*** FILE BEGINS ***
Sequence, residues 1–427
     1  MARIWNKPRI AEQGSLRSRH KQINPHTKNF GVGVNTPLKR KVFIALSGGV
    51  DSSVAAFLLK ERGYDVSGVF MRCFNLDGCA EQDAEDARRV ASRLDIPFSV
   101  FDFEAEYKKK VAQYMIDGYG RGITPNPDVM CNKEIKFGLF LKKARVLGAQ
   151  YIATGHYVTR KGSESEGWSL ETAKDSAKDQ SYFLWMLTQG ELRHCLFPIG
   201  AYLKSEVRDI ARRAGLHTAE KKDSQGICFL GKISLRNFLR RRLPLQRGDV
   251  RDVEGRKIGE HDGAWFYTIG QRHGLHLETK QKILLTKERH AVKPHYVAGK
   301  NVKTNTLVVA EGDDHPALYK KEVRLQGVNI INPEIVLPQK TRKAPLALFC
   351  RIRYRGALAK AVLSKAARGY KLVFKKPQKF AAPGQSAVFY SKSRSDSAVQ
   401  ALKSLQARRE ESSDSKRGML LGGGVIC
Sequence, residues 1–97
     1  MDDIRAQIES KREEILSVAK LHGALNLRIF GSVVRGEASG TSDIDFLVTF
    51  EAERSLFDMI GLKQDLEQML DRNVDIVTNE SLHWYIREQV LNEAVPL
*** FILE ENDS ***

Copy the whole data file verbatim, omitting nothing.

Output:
Sequence, residues 1–427
     1  MARIWNKPRI AEQGSLRSRH KQINPHTKNF GVGVNTPLKR KVFIALSGGV
    51  DSSVAAFLLK ERGYDVSGVF MRCFNLDGCA EQDAEDARRV ASRLDIPFSV
   101  FDFEAEYKKK VAQYMIDGYG RGITPNPDVM CNKEIKFGLF LKKARVLGAQ
   151  YIATGHYVTR KGSESEGWSL ETAKDSAKDQ SYFLWMLTQG ELRHCLFPIG
   201  AYLKSEVRDI ARRAGLHTAE KKDSQGICFL GKISLRNFLR RRLPLQRGDV
   251  RDVEGRKIGE HDGAWFYTIG QRHGLHLETK QKILLTKERH AVKPHYVAGK
   301  NVKTNTLVVA EGDDHPALYK KEVRLQGVNI INPEIVLPQK TRKAPLALFC
   351  RIRYRGALAK AVLSKAARGY KLVFKKPQKF AAPGQSAVFY SKSRSDSAVQ
   401  ALKSLQARRE ESSDSKRGML LGGGVIC
Sequence, residues 1–97
     1  MDDIRAQIES KREEILSVAK LHGALNLRIF GSVVRGEASG TSDIDFLVTF
    51  EAERSLFDMI GLKQDLEQML DRNVDIVTNE SLHWYIREQV LNEAVPL